Taking a glimpse into the lives of natives from the Ibo society in Africa, including villages such as Umuofia, the high regard which is held for traditions is quite evident. It was a way of life. Religion was something that was taken very seriously, regarded as sacred; it helped define many of their customs. These customs were undoubtedly understood throughout the village, and followed without question. With this kind of structured society the specific outcome for any turn of events was made clear, the future was made certain – until a new religion was unexpectedly introduced by the Europeans. The white man’s beliefs flooded the land and changed the course of the forthcoming within their society.
The invasion of this new way of life brought about changes, both positive and negative, to the Ibo culture. After the Europeans learned more about the culture of how the Africans worked, they built up a school and hospital in hopes to educate the people and create potential leaders. Here, both young and old were taught to read and write, and the results were quickly evident. Court messengers, clerks and even teachers arose from the educated. The schools expanded in other regions also bringing with them the church and religion. Since faith was the foundation of their education, those who attended the school were taught the way of the white man, including their beliefs, which helped to spread this new form of religion – Christianity.
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A certain stability was also derived from this new education. “If Umuofia failed to send her children to the school, strangers would come from other places to rule them.” (Achebe, p 181) Knowledge gained would help the people protect themselves against any outsiders. It would give them a better understanding on how to defend themselves both physically and as a people. Since they were a culture based almost solely on what was known to them from past experiences, and being unsure of the outside, they would have had no defense against any intruders coming into their land. Examples of this are highly evident in the case of the white man coming in. The introduction of such a religion also brought about many “personal” changes, good and bad, to the people of this area.
Equality was something unperceived by the Africans. They had a certain standard for living. Some people were considered outcasts by society and forbidden fellowship with the free man; twins were given up to the Evil Forest for death and thought of as evil. The white man, however, brought with him more of an open-minded sense of acceptance to all people.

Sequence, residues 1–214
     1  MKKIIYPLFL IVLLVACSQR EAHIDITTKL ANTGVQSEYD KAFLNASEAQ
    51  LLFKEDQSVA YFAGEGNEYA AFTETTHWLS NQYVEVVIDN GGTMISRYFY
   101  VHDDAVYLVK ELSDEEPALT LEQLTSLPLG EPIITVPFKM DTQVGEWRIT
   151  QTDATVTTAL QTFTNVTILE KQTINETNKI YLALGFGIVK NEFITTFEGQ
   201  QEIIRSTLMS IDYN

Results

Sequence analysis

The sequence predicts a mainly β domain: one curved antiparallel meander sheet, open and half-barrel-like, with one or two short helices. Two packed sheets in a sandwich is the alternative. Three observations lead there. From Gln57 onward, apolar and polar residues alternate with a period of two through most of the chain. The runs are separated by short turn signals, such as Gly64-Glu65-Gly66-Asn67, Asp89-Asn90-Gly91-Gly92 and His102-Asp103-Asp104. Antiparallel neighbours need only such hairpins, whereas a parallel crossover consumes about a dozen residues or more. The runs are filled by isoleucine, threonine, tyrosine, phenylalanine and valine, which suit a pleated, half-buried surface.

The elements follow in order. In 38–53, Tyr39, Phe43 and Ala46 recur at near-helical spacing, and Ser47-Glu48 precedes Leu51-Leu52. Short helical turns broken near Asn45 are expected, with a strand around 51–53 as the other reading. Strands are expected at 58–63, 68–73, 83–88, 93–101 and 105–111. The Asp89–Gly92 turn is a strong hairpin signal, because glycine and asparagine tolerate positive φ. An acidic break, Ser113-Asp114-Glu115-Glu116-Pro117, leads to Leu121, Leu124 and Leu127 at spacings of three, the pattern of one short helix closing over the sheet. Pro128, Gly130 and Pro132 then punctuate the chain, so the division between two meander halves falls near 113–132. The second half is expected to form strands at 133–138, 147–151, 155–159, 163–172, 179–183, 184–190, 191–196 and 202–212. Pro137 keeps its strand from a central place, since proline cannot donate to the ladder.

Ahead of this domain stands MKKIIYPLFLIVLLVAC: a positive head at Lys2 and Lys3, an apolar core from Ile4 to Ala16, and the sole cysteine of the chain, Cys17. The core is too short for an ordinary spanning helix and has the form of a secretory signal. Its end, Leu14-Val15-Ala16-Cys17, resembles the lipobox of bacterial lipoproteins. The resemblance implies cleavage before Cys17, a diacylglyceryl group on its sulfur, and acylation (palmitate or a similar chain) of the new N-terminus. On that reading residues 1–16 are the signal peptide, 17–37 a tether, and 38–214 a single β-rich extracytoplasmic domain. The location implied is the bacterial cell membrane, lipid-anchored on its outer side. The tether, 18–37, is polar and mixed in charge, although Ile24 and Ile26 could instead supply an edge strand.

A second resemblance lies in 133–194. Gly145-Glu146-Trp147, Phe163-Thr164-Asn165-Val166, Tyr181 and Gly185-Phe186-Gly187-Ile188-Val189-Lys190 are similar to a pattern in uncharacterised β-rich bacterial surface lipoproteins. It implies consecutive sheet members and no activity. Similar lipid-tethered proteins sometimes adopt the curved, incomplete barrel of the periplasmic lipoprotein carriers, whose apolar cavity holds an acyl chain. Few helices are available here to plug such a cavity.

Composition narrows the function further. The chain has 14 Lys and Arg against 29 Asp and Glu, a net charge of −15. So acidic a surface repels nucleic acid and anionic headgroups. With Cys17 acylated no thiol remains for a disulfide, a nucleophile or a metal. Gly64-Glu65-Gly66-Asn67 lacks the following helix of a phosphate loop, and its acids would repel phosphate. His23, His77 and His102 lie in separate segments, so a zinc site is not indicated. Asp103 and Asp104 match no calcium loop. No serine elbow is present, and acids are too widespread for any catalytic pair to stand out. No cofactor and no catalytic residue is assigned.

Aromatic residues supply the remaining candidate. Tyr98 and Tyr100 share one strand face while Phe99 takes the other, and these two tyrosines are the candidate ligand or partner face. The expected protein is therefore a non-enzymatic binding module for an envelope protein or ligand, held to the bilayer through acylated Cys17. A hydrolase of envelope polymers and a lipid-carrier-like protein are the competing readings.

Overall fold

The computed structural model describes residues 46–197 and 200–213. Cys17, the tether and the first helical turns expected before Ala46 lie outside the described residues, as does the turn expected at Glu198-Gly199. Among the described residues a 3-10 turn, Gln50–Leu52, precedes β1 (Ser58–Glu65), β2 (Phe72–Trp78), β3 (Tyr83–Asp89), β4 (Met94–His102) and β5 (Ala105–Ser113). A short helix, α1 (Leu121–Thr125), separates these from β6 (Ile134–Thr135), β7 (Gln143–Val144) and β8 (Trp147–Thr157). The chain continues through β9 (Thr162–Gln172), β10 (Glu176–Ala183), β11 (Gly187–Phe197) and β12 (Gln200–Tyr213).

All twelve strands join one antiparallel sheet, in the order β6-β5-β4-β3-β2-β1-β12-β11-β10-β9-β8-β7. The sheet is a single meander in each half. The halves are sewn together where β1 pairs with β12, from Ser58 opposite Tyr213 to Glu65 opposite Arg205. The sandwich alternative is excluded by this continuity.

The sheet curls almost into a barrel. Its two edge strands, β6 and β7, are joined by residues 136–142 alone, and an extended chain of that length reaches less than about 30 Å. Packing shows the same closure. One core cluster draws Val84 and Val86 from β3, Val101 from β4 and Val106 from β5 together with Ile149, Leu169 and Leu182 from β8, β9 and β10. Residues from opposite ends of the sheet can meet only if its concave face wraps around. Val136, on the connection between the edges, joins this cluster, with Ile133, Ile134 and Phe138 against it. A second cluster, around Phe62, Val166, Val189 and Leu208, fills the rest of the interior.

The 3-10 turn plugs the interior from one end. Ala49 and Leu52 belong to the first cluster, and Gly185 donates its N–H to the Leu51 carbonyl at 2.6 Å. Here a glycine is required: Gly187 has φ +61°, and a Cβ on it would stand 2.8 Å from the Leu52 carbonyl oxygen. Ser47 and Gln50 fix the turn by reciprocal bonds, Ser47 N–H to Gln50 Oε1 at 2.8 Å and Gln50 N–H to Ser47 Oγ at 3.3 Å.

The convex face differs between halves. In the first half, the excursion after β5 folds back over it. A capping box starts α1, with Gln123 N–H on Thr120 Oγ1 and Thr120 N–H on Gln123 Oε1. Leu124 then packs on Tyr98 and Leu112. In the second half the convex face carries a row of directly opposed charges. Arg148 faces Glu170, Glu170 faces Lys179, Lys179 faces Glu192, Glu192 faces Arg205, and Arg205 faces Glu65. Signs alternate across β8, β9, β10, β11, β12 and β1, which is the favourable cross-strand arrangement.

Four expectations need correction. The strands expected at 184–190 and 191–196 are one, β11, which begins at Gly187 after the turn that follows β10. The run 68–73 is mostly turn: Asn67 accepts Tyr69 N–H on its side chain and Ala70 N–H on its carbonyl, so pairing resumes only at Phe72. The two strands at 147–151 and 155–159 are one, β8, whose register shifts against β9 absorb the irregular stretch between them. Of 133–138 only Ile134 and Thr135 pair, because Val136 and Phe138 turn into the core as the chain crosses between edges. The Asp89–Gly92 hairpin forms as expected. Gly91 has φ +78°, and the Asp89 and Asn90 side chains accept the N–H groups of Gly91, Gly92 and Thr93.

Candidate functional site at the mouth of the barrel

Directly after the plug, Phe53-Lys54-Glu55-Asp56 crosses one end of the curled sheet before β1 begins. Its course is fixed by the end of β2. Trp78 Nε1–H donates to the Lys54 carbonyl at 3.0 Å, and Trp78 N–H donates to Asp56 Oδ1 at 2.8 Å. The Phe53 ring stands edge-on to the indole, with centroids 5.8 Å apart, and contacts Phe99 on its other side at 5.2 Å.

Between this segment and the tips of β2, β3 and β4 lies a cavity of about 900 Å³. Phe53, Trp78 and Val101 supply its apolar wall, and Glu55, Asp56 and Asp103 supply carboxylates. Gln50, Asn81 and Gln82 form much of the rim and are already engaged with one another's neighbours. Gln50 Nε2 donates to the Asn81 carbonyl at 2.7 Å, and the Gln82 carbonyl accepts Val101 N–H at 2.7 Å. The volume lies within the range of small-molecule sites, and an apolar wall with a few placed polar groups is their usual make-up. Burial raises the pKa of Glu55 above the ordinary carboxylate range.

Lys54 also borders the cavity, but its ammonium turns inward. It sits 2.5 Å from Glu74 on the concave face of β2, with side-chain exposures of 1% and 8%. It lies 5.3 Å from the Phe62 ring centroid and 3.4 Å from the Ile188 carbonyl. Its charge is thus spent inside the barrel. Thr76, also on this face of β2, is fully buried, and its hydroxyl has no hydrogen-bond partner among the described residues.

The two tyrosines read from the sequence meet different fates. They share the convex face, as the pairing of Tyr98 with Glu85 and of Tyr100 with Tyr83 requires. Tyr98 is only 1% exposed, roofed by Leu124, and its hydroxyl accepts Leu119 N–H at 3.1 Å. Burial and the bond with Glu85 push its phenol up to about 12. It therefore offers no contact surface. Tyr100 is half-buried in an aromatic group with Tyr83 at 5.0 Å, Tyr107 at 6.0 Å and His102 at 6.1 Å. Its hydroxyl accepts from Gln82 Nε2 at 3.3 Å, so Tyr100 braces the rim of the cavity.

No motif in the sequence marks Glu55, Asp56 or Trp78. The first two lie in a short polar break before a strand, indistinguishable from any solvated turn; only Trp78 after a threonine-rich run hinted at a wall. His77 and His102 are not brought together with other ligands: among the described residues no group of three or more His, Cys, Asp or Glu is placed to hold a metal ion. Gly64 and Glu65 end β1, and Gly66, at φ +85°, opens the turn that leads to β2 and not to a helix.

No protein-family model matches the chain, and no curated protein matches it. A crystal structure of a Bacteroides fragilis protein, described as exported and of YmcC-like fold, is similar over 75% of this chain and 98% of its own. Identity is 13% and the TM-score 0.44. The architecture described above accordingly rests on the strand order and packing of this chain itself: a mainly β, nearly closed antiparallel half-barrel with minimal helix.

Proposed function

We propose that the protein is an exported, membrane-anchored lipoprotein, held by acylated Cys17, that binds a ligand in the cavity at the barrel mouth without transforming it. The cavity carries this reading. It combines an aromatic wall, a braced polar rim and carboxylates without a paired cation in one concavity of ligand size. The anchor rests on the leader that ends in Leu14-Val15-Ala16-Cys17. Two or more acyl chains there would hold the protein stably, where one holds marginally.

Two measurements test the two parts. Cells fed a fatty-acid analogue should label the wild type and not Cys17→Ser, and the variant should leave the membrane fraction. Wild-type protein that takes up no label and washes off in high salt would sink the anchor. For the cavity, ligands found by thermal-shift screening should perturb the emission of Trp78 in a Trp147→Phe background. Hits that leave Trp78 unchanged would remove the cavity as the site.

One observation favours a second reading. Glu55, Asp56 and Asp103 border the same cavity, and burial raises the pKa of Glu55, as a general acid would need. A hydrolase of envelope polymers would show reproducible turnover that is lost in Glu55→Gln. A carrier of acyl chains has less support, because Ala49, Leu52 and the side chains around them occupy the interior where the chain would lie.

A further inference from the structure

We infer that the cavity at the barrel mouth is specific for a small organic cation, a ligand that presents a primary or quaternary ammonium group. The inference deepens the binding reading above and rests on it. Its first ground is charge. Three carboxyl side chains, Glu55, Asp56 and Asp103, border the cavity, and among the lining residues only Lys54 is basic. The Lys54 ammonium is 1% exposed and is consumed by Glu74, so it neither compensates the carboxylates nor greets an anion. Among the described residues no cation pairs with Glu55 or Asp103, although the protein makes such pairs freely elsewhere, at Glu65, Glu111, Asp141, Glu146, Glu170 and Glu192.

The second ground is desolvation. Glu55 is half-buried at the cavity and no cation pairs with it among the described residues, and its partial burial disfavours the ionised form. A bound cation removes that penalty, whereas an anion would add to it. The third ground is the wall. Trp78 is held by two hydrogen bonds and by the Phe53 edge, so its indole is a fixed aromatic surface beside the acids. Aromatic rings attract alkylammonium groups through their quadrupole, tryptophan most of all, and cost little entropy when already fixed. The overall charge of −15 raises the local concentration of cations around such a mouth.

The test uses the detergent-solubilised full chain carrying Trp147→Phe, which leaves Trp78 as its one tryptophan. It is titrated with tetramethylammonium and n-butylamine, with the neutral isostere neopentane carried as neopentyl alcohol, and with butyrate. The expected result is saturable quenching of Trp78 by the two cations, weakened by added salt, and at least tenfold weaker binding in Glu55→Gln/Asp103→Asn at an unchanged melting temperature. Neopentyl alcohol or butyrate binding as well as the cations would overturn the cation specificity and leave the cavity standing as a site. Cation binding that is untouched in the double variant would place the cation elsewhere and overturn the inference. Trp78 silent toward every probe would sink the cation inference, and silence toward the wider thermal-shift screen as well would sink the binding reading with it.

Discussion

Those who were unaccepted were taken in; those who were given up for dead were rescued. While this may not have made a real impact on those who led a “normal” life because this way of hospitality was not forced upon them, it did alter and even save the lives of those who were converted. Primarily, the first to heed the white man’s offer were those who had nothing to loose but could only gain from such changes, the poor, the title less, and socially unacceptable. As the word spread, however, even respected men and women turned over to this new lifestyle. Over time, as more and more of the clansmen turned to this faith, the society outlawed anyone who followed the white man’s ways. They were “excluded from the life and privileges of the clan,” (Achebe, p 159) including being restricted from areas such as the stream for retrieving water, the quarry for dirt, and even the market place.
Such measures had never before been taken. In addition to the tension introduced to society, strain was very real within the family as well. A man’s achievements defined who he was and how prosperous his future would be. For someone to throw away such a potential and follow this new way of uncertainty was looked upon as feeble. A strong man would be able to fend for himself and be tough. However, someone turning to God as a place of condolence for the pain of life was considered weak and even perceived as a disappointment to his family.
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Along with their religion the foreigners brought with them their form of government as well. This new legal system protected those who followed their beliefs. To uphold this, a new prison housed many prisoners who had “offended against the white man. Some of these prisoners had thrown away their twins and some had molested the Christians.” (Achebe, p 180-1) Although some of their punishments were for what they would consider a custom, there were powerless to fight their convictions. The white man even overruled the punishments decided by the Ibo culture. For manslaughter, it was customary that the accused was sent to exile, but the new way was set to execution.
Although there was no superiority in this changed law over the prior standards, the missionaries believed the original way to be inferior and insisted that everyone follow their new principles. These two groups of groups fell into an uneasy truce. Throughout this, the white man was still suffocating any existing hints of the Ibo culture. All hope of protecting the independence known in this society had disintegrated. Continuing customs, passing on traditions, and living in the comfort of the familiarity that had been for so long comfortable to them, was no more. The Europeans held no respect for the way of life already established among these natives.
A major social and individual downfall took place. The old ways disappeared little by little as the new ways slowly took over their lifestyle, and there was a major collapse in both the social and individual level. Life was turned into European way.